René Raaijmakers

9 September

Hamed Sadeghian is determined to take his company Nearfield Instruments public. When he broke the news to me during a recent interview, I could hardly believe it. Having just shipped his first machine and already targetting an IPO. It sounded quite ambitious to me, and also quite intensive for someone who already combines the positions of CEO and CTO.

Sadeghian is a very driven individual. At the beginning of his studies in mechanical engineering, he decided that he could do better than his boss who was paying him a few pennies. As a 21-year-old, he started to build lifting platforms, mixers, conveyors and other heavy equipment with his first company Jahesh Poulad Co. in Iran. His outfit grew by taking on jobs that others would turn their noses up at. When he sold Jahesh at age twenty-five to do a PhD in the Netherlands, the company employed fifteen.

Somehow, Sadeghian always seems to do the right thing. Shortly after his PhD, he had the opportunity to start a company in calibration equipment. He passed on that, however, after thorough market research. Years later, when he founded Nearfield with Roland van Vliet, he had gained almost a decade of experience in the semicon market at TNO and knew the metrology needs of big players like Intel, Samsung and TSMC inside out. Contacts with machine builders also give him and his team insight into the weaknesses of equipment suppliers.

The fact that Sadeghian did an MBA in Leuven, parallel to Nearfield’s development phase at TNO, is indicative of his work ethic. Granted, he didn’t do everything right. He handed over the reins to Jos Maas at the end of last year, but the newly appointed CEO left the young tech company after just a few months. It speaks for Sadeghian that he openly announced Maas’ farewell on Nearfield’s website.

In times of corona, startups have a hard time, certainly hardware suppliers. However, Sadeghian managed to sell a machine to an Asian customer in the middle of the pandemic. In a two-part Bits&Chips podcast, he talks about the field acceptance test that he had completely videotaped because of the closed borders – it reminded me of the crisis ASML overcame in 1991 by sending VHS tapes to IBM, the lead customer for the PAS 5500, the stepper with which the machine builder really broke ground. At the time, Big Blue’s people were unable to fly to the Netherlands due to an announced US intervention in Iraq.

A high-end customer prepared to invest time and money in completely new metrology technology in this period shows the sense of urgency. It also indicates that Nearfield really has gold in its hands. Sadeghian himself has no doubts about that. He expects to ship some 50-60 Quadra metrology systems within a few years.

In stark contrast to the many internet and software companies that go public almost every week, you see hardly any IPOs in metrology and inspection. In that arena, mergers and acquisitions define exit strategies. Due to consolidation, the number of metrology and inspection companies dropped from 37 in 2002 to 20 in 2017, according to The Information Network in the same year. The most recent information shows seven metrology companies owning over 90 percent of the market (KLA with 54.8 percent, Applied Materials 11.3 percent, Hitachi High-Tech 9.5 percent, ASML/HMI 4.9 percent, Nanometrics 3.7 percent, Lasertec 3.0 percent and Nova Measuring 2.7 percent).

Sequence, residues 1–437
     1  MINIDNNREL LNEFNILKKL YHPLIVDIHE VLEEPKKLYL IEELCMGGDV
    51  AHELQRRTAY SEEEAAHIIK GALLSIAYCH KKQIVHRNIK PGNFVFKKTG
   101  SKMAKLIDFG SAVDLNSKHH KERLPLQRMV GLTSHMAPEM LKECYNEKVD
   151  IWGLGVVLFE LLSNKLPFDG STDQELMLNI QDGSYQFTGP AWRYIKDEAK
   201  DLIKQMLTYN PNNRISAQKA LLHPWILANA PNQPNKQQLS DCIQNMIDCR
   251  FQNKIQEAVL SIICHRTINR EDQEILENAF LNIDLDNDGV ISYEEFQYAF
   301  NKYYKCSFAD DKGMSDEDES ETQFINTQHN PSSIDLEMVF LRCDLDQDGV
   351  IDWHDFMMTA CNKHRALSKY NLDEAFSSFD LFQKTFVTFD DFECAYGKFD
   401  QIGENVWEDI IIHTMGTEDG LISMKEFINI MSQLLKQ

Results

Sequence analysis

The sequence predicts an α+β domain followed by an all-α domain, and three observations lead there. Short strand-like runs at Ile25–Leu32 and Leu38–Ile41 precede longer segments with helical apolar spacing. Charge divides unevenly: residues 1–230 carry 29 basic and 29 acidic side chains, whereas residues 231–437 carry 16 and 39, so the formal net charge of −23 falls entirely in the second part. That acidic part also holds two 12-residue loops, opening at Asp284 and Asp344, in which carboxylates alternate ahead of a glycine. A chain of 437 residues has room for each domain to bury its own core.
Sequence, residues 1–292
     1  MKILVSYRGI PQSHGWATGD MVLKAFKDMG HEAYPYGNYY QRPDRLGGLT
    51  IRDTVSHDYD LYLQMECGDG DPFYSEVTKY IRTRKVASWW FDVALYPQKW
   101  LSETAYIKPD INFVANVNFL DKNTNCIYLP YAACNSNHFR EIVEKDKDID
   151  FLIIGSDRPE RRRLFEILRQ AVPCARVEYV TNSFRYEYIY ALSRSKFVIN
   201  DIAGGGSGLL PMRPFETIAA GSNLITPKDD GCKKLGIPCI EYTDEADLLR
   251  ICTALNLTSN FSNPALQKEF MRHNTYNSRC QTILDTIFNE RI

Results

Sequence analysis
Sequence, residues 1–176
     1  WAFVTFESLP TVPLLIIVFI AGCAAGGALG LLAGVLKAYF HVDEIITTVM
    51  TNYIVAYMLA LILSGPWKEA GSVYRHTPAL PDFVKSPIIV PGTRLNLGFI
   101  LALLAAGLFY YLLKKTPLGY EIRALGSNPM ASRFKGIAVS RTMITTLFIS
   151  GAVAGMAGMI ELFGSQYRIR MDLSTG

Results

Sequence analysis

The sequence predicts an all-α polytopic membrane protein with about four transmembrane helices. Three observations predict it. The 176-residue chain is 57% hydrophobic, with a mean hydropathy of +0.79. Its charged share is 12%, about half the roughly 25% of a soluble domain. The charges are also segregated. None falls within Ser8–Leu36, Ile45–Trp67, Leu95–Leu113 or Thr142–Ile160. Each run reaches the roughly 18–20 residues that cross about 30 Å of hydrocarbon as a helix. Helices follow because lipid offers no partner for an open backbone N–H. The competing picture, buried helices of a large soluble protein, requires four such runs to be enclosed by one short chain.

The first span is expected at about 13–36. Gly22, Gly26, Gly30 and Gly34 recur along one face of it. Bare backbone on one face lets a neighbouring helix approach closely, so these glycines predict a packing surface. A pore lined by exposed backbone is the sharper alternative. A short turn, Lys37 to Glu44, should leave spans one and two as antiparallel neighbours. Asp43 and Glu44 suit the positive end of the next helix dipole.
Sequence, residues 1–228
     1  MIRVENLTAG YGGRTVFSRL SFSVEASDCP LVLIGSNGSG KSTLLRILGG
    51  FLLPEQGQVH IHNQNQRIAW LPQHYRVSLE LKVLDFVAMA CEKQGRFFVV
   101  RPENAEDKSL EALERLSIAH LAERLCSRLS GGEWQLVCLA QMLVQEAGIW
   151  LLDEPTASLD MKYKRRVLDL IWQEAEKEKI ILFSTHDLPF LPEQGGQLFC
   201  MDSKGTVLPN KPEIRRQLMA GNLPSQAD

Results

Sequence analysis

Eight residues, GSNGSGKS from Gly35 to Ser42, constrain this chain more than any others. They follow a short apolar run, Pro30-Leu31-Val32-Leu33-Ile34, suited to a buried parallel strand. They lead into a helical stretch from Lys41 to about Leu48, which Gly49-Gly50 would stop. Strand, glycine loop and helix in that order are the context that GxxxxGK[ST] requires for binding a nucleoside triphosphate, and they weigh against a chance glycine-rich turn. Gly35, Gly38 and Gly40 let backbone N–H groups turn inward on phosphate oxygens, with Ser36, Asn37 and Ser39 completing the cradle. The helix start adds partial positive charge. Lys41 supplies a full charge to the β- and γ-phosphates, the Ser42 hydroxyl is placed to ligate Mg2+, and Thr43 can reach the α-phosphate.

The metrology market is turbulent. The greatest impact is caused by EUV, a technology that many don’t adequately appreciate yet. Even metrology superpower KLA stumbled painfully, failing to believe and invest in EUV for years. It unsuccessfully asked its customers for a 500-million-dollar pre-investment to develop mask inspection tools based on EUV radiation. Customers balked at this and KLA subsequently lost this now highly lucrative actinic inspection market to Japan’s Lasertec.

At the beginning of this year, KLA’s vice president Theo Kneepkens said about Nearfield in the Dutch magazine Link: “We see atomic-force microscopy primarily as a research tool, not so much as an inline production tool.” The fact that the metrology market leader is downplaying the importance of AFM technology shows that the Rotterdam-based company is on the right track, although Nearfield still has to prove itself in the market. The devil of Kneepkens’ remark: Nearfield is positioning its Quadra systems precisely for high-volume chip manufacturing, emphatically stating that it doesn’t supply its instruments for lab environments. All in all, Kneepkens’ attitude is rather presumptuous when you’re employed by a company that just missed a billion-dollar market because of a lack of guts.

To be honest, I found it hard to see a future for nanoprobe metrology in chip production environments myself when I encountered the Quadra prototype at TNO in Delft over five years ago. Measuring with fragile atom-sharp probes in high-volume chip production? I saw too many problems. Meanwhile, Nearfield has a lead customer who’s actually deploying the machine and Sadeghian has a very convincing story and a promising product roadmap to boot. With his audacity to put Nearfield in the metrology market through an IPO, this entrepreneur deserves the warm support of the entire Dutch high-tech community.